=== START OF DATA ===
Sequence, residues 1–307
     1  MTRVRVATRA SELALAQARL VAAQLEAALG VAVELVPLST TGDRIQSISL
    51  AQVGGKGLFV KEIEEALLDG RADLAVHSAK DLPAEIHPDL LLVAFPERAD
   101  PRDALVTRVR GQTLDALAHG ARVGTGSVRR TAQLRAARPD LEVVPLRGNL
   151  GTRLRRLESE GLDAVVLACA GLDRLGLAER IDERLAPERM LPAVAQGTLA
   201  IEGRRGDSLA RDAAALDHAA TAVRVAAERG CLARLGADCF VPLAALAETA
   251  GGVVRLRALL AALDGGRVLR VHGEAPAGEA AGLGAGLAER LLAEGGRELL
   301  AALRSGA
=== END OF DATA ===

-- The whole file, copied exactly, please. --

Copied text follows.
Sequence, residues 1–307
     1  MTRVRVATRA SELALAQARL VAAQLEAALG VAVELVPLST TGDRIQSISL
    51  AQVGGKGLFV KEIEEALLDG RADLAVHSAK DLPAEIHPDL LLVAFPERAD
   101  PRDALVTRVR GQTLDALAHG ARVGTGSVRR TAQLRAARPD LEVVPLRGNL
   151  GTRLRRLESE GLDAVVLACA GLDRLGLAER IDERLAPERM LPAVAQGTLA
   201  IEGRRGDSLA RDAAALDHAA TAVRVAAERG CLARLGADCF VPLAALAETA
   251  GGVVRLRALL AALDGGRVLR VHGEAPAGEA AGLGAGLAER LLAEGGRELL
   301  AALRSGA